Rare butterfly thrives on American military bases thanks to the way vegetation is controlled
In the shadow of giant war machines, a tiny rare butterfly is flourishing. And hard though it may be to believe, experts say credit is due to the U.S. military.
The frosted elfin, which flutters along on a tiny 2.5 centimetres wingspan, has found a home at several defence installations because of the way the military manages open spaces, said Robyn Niver, an endangered species biologist with the U.S. Fish and Wildlife Service.
“Military training requires vast open areas, so these bases are some of our last great wild places,” Niver said.
Sightings of the little brown butterfly have been confirmed at Westover Air Reserve Base and Camp Edwards in Massachusetts; Fort McCoy in Wisconsin; Fort Bragg in North Carolina; and the New Hampshire State Military Reservation. The common thread among the bases is the way they manage vegetation through controlled burning, which creates the perfect conditions for wild blue lupine and indigo to grow — both host plants to the frosted elfin caterpillar.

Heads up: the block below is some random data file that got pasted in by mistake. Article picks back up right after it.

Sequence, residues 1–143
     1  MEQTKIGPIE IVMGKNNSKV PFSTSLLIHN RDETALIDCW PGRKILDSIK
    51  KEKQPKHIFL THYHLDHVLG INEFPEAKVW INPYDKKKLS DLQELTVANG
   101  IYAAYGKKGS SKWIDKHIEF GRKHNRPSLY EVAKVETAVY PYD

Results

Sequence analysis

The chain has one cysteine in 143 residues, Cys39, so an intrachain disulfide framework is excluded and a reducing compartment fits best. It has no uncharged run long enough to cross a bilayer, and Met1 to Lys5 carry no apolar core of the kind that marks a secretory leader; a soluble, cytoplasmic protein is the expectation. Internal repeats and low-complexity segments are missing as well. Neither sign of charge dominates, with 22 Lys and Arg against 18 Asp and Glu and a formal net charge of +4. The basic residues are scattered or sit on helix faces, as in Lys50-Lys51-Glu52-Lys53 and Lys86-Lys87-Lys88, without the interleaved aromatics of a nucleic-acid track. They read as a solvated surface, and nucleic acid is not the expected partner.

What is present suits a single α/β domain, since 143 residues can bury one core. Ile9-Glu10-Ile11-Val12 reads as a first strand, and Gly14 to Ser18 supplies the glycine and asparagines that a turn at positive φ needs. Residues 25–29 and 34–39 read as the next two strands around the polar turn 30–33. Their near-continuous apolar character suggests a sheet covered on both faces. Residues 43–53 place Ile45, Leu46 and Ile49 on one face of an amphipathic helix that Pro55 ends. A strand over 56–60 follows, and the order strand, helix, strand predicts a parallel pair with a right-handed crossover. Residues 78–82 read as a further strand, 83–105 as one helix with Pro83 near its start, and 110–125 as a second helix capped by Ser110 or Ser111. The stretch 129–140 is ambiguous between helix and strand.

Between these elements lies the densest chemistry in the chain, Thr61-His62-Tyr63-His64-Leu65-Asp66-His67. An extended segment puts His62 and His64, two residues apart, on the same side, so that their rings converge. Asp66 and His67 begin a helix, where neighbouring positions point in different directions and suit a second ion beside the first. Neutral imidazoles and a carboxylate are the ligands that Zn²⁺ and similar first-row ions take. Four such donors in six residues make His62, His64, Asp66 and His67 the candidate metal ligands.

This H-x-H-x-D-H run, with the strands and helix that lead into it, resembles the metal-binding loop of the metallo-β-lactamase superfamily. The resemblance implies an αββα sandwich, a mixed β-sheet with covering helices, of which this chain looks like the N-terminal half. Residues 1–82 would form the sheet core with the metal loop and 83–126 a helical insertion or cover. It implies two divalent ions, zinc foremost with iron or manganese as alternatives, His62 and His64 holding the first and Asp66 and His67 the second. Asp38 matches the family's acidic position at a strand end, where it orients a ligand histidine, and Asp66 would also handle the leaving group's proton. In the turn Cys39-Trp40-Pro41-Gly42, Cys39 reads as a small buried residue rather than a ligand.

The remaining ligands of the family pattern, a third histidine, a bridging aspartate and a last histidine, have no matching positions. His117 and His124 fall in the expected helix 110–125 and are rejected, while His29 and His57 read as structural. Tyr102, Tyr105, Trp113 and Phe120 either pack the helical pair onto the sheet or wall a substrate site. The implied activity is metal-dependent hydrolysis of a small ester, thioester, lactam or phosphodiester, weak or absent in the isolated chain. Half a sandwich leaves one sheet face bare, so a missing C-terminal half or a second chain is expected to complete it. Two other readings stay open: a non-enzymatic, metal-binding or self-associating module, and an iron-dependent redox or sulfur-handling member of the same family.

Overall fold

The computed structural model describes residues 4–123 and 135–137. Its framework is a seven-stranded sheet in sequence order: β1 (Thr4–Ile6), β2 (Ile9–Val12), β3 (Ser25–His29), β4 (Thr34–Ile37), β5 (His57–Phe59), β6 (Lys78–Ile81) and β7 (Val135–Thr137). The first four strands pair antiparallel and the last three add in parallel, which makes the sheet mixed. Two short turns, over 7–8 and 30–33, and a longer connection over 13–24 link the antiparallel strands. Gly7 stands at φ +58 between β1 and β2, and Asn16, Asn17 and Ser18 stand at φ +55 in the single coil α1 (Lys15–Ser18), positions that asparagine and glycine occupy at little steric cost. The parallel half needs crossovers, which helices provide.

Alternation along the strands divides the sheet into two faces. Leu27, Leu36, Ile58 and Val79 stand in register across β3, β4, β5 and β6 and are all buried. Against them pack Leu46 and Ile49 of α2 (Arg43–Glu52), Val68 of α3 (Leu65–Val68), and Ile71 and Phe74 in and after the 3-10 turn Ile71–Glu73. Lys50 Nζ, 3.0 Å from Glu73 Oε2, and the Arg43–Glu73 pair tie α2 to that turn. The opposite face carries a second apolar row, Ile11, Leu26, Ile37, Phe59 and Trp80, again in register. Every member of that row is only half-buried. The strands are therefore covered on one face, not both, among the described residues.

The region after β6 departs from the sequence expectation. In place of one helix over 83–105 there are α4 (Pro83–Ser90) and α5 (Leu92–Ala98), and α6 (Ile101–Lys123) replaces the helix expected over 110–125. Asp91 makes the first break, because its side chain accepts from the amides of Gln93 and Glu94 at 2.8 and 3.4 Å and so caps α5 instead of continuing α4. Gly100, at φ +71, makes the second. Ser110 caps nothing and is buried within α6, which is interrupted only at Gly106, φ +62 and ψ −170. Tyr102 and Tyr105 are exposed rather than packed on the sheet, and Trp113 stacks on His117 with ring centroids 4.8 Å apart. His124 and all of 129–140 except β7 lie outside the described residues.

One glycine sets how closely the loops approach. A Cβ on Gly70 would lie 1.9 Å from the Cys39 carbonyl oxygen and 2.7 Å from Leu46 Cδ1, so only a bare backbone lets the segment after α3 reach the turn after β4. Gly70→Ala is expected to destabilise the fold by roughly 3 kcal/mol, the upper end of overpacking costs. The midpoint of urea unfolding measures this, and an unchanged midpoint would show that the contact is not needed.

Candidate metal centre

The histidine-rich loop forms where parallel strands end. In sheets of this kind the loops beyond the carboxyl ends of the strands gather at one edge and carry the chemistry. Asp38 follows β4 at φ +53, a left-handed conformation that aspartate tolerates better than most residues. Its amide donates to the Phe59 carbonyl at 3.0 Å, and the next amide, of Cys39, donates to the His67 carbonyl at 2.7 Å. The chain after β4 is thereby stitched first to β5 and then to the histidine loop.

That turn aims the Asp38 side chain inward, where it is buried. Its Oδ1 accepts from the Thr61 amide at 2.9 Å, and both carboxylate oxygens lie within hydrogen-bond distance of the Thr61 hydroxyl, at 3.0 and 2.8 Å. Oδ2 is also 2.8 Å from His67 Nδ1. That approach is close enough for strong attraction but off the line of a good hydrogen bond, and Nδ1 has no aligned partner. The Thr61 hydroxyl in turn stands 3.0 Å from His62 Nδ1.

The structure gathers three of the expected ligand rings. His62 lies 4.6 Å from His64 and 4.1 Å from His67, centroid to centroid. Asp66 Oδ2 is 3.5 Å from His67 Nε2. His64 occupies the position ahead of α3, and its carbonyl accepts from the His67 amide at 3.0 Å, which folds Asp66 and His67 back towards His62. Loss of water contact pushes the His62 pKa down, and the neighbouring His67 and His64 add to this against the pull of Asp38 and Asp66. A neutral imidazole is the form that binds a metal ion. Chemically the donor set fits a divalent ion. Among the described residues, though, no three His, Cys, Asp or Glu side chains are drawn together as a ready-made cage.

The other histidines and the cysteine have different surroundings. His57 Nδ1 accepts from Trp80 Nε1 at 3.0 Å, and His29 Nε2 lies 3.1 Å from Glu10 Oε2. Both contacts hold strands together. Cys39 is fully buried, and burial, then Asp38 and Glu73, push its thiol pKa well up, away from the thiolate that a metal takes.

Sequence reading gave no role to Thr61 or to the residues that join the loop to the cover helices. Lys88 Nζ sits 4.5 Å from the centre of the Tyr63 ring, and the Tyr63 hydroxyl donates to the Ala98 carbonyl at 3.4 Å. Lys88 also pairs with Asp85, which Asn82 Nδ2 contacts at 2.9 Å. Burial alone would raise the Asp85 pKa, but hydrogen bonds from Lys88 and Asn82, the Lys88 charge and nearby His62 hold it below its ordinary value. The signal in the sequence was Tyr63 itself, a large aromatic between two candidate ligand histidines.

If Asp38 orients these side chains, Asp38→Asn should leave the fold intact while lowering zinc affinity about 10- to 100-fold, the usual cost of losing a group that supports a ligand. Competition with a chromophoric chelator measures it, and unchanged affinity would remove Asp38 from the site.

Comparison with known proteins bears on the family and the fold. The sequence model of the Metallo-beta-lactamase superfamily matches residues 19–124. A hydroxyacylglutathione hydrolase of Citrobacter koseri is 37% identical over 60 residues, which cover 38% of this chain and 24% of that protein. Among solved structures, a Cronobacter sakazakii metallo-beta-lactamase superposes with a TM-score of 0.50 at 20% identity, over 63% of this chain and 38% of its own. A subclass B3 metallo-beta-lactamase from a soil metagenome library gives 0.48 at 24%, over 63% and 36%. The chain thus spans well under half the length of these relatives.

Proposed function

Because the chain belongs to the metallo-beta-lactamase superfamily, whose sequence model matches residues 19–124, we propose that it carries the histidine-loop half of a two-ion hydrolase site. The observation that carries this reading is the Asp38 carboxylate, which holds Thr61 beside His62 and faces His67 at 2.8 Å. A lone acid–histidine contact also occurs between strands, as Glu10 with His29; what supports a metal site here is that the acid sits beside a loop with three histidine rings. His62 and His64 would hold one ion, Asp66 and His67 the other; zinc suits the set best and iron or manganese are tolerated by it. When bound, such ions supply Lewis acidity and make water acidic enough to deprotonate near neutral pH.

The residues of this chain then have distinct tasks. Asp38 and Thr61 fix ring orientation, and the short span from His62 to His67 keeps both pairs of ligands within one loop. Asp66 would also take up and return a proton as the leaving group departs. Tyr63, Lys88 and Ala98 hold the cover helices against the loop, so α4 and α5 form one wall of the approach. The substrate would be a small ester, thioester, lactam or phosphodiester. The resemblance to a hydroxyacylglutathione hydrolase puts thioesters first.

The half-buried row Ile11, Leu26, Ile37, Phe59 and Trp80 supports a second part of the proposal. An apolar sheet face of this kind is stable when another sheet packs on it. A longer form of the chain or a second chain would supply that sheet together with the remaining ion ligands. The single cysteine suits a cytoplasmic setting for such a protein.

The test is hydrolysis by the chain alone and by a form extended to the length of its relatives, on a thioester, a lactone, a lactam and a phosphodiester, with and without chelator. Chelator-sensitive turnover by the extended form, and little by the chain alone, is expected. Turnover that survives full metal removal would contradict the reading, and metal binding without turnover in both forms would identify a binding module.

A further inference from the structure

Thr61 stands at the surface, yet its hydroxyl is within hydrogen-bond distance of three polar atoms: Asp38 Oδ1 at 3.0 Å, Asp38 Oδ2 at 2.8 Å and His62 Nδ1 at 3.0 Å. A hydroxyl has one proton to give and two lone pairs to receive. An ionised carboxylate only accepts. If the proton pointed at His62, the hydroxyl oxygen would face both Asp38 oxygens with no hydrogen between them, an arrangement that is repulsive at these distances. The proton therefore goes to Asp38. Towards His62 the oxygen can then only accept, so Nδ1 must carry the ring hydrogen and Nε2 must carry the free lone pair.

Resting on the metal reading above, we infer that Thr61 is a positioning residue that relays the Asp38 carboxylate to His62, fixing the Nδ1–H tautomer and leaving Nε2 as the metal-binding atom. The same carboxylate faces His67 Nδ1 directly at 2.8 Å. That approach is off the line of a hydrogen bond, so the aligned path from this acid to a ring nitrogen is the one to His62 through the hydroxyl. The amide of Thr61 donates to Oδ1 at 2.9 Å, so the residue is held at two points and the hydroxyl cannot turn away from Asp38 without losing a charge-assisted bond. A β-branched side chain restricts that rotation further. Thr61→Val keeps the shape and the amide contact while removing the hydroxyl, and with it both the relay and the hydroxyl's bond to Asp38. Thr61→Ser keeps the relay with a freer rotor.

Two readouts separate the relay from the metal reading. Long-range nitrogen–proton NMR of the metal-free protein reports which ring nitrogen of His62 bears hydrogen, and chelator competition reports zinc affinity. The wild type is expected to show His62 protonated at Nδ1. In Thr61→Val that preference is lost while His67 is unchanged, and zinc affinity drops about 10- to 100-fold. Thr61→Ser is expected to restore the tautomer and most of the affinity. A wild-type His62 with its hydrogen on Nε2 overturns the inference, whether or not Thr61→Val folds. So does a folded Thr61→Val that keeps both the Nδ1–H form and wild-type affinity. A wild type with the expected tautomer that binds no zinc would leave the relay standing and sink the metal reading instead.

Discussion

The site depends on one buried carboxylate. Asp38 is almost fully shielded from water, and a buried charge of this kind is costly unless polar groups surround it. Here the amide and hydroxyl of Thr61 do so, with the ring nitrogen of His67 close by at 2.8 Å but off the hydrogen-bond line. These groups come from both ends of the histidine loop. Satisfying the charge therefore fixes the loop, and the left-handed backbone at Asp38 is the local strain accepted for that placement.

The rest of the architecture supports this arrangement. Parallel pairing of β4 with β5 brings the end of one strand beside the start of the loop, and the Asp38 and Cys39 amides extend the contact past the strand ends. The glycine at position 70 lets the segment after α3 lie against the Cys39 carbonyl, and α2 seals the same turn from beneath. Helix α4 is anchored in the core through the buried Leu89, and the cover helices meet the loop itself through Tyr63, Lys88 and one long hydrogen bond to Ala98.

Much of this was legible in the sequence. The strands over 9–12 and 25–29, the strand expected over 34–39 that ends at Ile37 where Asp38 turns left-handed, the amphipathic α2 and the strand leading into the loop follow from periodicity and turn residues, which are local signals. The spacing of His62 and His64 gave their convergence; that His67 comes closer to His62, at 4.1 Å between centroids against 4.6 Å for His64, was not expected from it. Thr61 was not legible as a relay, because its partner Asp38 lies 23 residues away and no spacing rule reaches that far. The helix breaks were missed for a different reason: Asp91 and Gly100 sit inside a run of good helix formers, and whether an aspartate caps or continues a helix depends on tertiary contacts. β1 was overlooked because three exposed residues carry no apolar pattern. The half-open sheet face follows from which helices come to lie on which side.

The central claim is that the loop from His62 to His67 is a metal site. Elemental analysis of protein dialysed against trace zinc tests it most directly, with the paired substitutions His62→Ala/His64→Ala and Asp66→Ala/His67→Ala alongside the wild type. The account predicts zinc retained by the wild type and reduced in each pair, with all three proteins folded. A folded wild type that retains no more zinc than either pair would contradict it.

The dainty butterflies were first spotted at Westover in Chicopee, Mass., about 20 years ago, according to Jack Moriarty, the base’s chief of environmental engineering.
Proper vegetation control is critical for the safety of the massive military transport aircraft stationed at Westover. If the vegetation is cut too short, it attracts geese and gulls, increasing the risk of aircraft strikes. If it is allowed to grow too tall, turkeys, deer, and coyotes move in. Lupine and indigo are just the right height.
A frosted elfin butterfly, believed to be headed to the federal endangered species list, is seen at the Fort McCoy Army Installation in Wisconsin.